“I need you” implies that the person requires another for fulfillment and happiness.  But why do we say “I need you” in the first place?  It could be that we say it out of fear – fear of being alone, fear of being unfulfilled.  And when we enter into relationships out of fear, confusing “need” for “love”, it really is just a matter of time before fear creeps in again.  Fear of being left, fear of infidelity, fear of judgment.  Fear of being left alone again.

What must be done, in order to truly love others, is to realize that we are each fulfilled with our own selves.  We must make the mindful step to become aware that we are each whole, complete, and perfect.  No one else in the world can do that for us – we must accomplish this on our own.  But how can we do this?  One step is mindfulness.  Becoming mindful of our thoughts of need and self-worth allows us to nip them in the bud, before they become core beliefs.  As soon as an idea of low self-worth or doubt comes into our mind, we can thank them for the viewpoint, remember that we made that up, and continue on with what our best selves would do.

But what if the beliefs of need and low self-worth are already habitual, engrained in our core belief systems?  It is comforting to know that they probably are.  Comforting?  Yes, as it provides us with the insight that everyone is the same as us!  But that is a topic for another time.

So how do we begin to examine our core beliefs?  Well, one first step is indeed to be mindful – this will help us to notice our beliefs.  Another powerful step is to spend time examining where these core beliefs stem from.  After all, beliefs don’t just appear!  They are formed from prior experiences, and our reactions to those experiences.  A major benefit, though emotionally charged and perhaps initially difficult, can come from a simple exercise.  In the spirit of true romance and learning about your partner, you could even do this together, examining your beliefs and having an open-hearted discussion about them.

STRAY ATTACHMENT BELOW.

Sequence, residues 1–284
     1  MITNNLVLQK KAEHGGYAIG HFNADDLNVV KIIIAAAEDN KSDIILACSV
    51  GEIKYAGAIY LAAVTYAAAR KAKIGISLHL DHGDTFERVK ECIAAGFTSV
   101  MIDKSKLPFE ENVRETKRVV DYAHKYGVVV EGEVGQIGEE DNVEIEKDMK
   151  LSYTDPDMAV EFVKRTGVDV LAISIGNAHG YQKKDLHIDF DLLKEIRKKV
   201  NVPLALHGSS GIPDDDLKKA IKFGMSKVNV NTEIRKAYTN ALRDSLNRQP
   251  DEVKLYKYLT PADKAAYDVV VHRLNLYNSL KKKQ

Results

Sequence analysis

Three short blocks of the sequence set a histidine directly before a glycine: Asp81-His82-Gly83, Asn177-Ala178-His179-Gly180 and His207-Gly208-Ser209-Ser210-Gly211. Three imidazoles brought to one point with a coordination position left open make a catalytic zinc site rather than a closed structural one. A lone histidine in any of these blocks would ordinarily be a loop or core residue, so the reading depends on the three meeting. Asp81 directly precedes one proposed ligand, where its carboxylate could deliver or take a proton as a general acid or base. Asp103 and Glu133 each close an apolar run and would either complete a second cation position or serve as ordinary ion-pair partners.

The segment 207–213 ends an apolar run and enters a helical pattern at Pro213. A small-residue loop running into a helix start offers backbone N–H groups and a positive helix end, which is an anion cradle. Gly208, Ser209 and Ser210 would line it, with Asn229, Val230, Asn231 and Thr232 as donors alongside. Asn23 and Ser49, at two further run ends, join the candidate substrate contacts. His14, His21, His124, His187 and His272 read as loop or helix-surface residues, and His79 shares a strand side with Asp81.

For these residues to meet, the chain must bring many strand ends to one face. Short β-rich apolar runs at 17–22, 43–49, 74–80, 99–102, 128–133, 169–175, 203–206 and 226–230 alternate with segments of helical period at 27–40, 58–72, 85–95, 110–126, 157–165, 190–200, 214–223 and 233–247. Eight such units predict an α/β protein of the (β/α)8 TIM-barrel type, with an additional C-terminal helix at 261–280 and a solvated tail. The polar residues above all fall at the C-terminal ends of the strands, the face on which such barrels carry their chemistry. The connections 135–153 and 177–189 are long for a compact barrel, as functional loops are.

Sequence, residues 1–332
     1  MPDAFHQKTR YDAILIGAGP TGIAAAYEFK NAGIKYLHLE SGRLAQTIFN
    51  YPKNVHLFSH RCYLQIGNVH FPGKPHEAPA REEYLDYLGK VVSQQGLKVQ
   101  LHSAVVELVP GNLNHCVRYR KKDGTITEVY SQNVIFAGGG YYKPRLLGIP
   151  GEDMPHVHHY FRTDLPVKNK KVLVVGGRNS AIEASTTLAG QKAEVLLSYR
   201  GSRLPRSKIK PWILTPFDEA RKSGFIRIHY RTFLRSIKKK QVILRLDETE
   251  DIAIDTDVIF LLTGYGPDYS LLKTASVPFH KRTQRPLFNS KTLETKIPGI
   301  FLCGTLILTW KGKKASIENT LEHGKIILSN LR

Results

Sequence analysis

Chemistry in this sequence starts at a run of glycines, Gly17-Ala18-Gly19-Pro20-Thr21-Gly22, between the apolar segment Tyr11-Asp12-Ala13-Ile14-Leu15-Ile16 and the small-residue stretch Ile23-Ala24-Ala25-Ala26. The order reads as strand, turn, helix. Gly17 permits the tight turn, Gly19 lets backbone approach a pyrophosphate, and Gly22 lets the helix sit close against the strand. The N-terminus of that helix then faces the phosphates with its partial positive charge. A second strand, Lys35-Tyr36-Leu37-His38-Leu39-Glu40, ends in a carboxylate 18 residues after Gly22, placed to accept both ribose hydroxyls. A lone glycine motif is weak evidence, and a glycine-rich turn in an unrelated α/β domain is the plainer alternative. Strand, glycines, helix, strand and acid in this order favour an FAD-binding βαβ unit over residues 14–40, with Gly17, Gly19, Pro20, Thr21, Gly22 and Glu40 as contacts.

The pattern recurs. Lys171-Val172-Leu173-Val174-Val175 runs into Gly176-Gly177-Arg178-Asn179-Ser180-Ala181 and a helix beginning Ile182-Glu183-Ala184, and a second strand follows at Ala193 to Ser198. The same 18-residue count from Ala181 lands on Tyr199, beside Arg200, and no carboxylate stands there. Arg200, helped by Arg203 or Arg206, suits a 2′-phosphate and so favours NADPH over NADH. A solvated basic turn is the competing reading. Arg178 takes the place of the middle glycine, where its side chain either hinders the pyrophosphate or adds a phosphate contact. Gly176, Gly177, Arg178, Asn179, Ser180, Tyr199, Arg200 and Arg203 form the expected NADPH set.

Core Belief Exercise
Take a piece of paper, a pen, and write down your beliefs about yourself, your self worth, and why you “need” someone to feel happy.  Then, trace back in time to the earliest possible memory you have of thinking that thought.  The thought most likely occurred in reaction to an event.

The event could be of great significance and trauma, or could be something that someone said in passing, not really thinking it could be interpreted in such a powerful way.  Luckily, that event happened a long time ago, and holds no true physical power over you anymore.

If you find yourself becoming upset, remember that it was simply an event.  Something that happened, and the event itself holds no power over you.  Write the event down, as detailed as possible.  Then,  what you thought, felt, and what belief you created about yourself.